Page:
The Sweethearts Dance – a Daddy/Daughter dance with the Girl Scouts.
Initially in the year I made a goal of having my 365 go beyond the typical “smile at the camera” photos and show my kids as they really are- but sometimes that gets overruled. My husband and I are rarely in front of the camera and so I opted to use this instead of the other 800-some more artistic pictures I took. When the kids look back on these albums (I’m printing each year in a photo album)- I want them to see their parents. Yes, the kids are totally the stars of the show, but it’s important for us old people to be in the pictures, as well. Proof we existed, proof we loved each other deeply. Get in the photos, Moms and Dads!
My sweet girl was so excited for this event. She was absolutely beaming as I curled her hair and put on a little makeup. This is her first dance, and I love that her father is her first date. As I stood there in the bathroom with her, slowly wrapping locks of hair around the curling iron, I found myself lost in thought. I wondered if this is what it would feel like a few years from now, when she’s getting ready for her first homecoming or prom, helping her primp for some boy to pick her up. It’s a totally strange and foreign concept, and I couldn’t really wrap my head around it. She’s 10, and the last decade absolutely flew by in an instant. How many years do we have left of her wanting Daddy to be her date?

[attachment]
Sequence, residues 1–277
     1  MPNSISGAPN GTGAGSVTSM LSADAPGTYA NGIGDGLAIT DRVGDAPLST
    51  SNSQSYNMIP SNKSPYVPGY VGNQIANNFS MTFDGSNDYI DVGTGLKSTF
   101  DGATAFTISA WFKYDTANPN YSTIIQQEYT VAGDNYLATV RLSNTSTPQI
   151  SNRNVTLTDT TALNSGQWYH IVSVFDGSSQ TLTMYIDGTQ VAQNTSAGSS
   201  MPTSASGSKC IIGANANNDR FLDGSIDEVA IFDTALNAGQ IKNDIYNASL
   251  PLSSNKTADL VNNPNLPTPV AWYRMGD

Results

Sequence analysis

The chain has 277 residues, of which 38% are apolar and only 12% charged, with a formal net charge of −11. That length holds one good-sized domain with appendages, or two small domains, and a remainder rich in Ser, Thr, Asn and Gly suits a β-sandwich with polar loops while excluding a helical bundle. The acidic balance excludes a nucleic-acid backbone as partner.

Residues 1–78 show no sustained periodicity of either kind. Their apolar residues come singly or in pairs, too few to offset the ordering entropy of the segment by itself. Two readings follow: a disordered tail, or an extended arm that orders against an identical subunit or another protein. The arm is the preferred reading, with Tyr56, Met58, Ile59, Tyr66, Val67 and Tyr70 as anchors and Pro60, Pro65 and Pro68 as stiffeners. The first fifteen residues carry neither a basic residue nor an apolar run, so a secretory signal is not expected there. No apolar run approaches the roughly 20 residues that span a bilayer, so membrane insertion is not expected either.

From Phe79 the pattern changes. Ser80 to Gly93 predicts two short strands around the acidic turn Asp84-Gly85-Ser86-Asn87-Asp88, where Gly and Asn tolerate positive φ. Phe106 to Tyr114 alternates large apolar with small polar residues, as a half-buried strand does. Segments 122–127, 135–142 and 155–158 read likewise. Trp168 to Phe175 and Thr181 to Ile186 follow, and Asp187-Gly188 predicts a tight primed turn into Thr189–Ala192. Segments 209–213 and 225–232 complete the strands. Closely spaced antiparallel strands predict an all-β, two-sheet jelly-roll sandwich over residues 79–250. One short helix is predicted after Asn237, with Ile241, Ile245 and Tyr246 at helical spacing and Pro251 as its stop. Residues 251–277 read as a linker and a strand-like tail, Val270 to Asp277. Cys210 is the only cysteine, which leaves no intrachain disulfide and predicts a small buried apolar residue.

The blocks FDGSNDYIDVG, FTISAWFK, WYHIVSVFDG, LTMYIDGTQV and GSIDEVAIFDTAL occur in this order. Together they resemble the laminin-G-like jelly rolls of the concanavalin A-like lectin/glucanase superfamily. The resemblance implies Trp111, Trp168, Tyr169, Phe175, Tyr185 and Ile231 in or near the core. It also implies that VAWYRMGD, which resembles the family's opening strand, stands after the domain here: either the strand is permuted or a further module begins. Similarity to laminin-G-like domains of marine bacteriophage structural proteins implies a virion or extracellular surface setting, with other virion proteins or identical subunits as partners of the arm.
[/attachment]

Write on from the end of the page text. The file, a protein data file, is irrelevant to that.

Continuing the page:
I want to dig my heels in. I want to slow down time. Now, more than ever, now that we are out of the physically taxing stage of parenthood- the sleepless nights, the lunging to stop a toddler from certain death (or at least from dumping my coffee on the carpet), the desperation of wanting a shower and not being sure how to take one because the kids are refusing naps.
I know another hard stage is looming- the emotionally taxing stage. Puberty and it’s rollercoaster of hormones and emotions, worry about peer pressure, drugs, and sex, worry about self image and body changes. Right now we are in the sweet spot. The kids are big enough to be a little more self sufficient. But they are young enough that we aren’t embarrassing yet. I want to hold on to this stage, take my time in it. I suppose the only way to slow it down is to stay focused. Stay present. Stay off my phone, and work to minimize my distracted mind. Why is a phone so hard to put down? I’m not getting anything out of mindless scrolling, but it’s so easy to reach for it.
Here’s the rest of the week- full stories are on instagram.